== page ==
Machu Picchu: an overview

7,000 feet above sea level and nestled on a small hilltop between the Andean Mountain Range, the majestic city soars above the Urabamba Valley below. The Incan built structure has been deemed the “Lost Cities”, unknown until its relatively recent discovery in 1911.

Archaeologists estimate that approximately 1200 people could have lived in the area, though many theorize it was most likely a retreat for Incan rulers. Due to it’s isolation from the rest of Peru, living in the area full time would require traveling great distances just to reach the nearest village.
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Ernesto “Che” Guevara talking about Machu Picchu

“A pure expression of the most powerful indigenous race in the Americas.” – Ernesto “Che” Guevara

Many people name the sacred power that some archeologic sites carry. For people who understand, you’d know I originate from Peru and people UN agency understand American state additional intimately would understand that i used to be born in Cuzco, Peru.
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Machu Picchu places: Sacred stone

Across the Central Plaza and at the far end of Machu Picchu is the Sacred Rock, an object common to most every Inca village. Before a village could be erected, a sacred stone must be dedicated to the site. The Sacred Stone of Machu Picchu sits at the base of Huayna Picchu (little peak), from where you can take a one-hour climb to the top for another excellent view of the entire valley. Hikers can sign in at the Gatekeeper’s shack as proof they tackled the steep climb up Huayna Picchu.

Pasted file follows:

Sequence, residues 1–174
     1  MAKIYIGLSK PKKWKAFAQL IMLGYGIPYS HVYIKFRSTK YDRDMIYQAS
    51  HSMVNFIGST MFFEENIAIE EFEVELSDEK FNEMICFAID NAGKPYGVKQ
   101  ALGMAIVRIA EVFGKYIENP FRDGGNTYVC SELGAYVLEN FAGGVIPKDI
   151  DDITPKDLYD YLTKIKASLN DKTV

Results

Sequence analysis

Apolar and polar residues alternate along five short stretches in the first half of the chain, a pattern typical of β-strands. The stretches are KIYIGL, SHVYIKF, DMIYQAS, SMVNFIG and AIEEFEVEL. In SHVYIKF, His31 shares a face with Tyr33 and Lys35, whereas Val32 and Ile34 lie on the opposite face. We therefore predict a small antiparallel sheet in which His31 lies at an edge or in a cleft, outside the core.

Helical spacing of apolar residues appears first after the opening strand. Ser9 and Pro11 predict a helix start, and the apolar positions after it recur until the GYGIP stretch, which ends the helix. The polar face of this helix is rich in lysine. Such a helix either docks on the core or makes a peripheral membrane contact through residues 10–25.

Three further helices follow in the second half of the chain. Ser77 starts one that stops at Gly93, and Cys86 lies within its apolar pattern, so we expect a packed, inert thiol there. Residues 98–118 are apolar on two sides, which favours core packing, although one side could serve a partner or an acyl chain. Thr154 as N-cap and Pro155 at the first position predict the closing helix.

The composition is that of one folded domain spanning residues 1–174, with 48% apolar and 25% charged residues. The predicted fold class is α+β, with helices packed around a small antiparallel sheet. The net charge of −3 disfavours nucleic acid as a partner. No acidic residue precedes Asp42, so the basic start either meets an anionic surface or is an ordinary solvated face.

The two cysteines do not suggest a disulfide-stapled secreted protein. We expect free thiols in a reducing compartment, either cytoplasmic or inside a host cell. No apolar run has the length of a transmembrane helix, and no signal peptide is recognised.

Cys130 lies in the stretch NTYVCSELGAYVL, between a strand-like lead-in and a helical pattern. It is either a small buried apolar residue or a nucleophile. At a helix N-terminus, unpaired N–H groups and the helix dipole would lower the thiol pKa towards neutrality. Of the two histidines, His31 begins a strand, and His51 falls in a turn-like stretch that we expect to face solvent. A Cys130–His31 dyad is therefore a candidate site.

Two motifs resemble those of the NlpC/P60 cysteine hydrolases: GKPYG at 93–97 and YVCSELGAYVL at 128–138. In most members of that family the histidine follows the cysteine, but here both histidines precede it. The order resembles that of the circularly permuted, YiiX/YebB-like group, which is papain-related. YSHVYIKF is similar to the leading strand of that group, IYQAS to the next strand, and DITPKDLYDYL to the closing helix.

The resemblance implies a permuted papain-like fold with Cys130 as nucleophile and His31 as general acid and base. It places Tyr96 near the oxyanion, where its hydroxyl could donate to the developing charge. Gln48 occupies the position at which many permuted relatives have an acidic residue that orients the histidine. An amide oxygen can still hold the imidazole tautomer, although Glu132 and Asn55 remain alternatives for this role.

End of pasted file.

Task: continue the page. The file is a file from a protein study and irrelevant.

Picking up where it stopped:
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Machu Picchu may have been the end of a pilgrimage.

A new theory proposed by the Italian archaeoastronomer Giulio Magli suggests that the journey to Machu Picchu from Cusco could have served a ceremonial purpose: echoing the celestial journey that, according to legend, the first Inca took when they departed the Island of the Sun in Lake Titicaca.

Rather than simply following a more sensible path along the banks of the Urubamba River, the Inca built the impractical but visually stunning Inca Trail, which according to Magli, prepared pilgrims for entry into Machu Picchu.
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It has a great sense of direction.

From the moment Hiram Bingham staggered up to Machu Picchu in 1911, visitors have understood that the ruins’ natural setting is as important to the site as the buildings themselves. Recent research has shown that the site’s location, and the orientation of its most important structures, was strongly influenced by the location of nearby holy mountains, or apus.

An arrow-shaped stone atop the peak of Huayna Picchu appears to point due south, directly through the famous Intihuatana Stone, to Mount Salcantay, one of the most revered apus in Inca cosmology. On important days of the Inca calendar, the sun can be seen to rise or set behind other significant peaks.

 

In Machu Picchu there’s more than one peak to climb.